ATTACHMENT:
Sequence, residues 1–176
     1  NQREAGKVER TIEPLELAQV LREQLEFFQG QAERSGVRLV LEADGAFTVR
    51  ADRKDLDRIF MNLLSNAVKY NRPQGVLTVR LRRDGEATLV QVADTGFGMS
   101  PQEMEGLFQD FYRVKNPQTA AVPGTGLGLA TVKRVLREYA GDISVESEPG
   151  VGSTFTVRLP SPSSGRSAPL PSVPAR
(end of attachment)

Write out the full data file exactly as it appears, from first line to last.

Sequence, residues 1–176
     1  NQREAGKVER TIEPLELAQV LREQLEFFQG QAERSGVRLV LEADGAFTVR
    51  ADRKDLDRIF MNLLSNAVKY NRPQGVLTVR LRRDGEATLV QVADTGFGMS
   101  PQEMEGLFQD FYRVKNPQTA AVPGTGLGLA TVKRVLREYA GDISVESEPG
   151  VGSTFTVRLP SPSSGRSAPL PSVPAR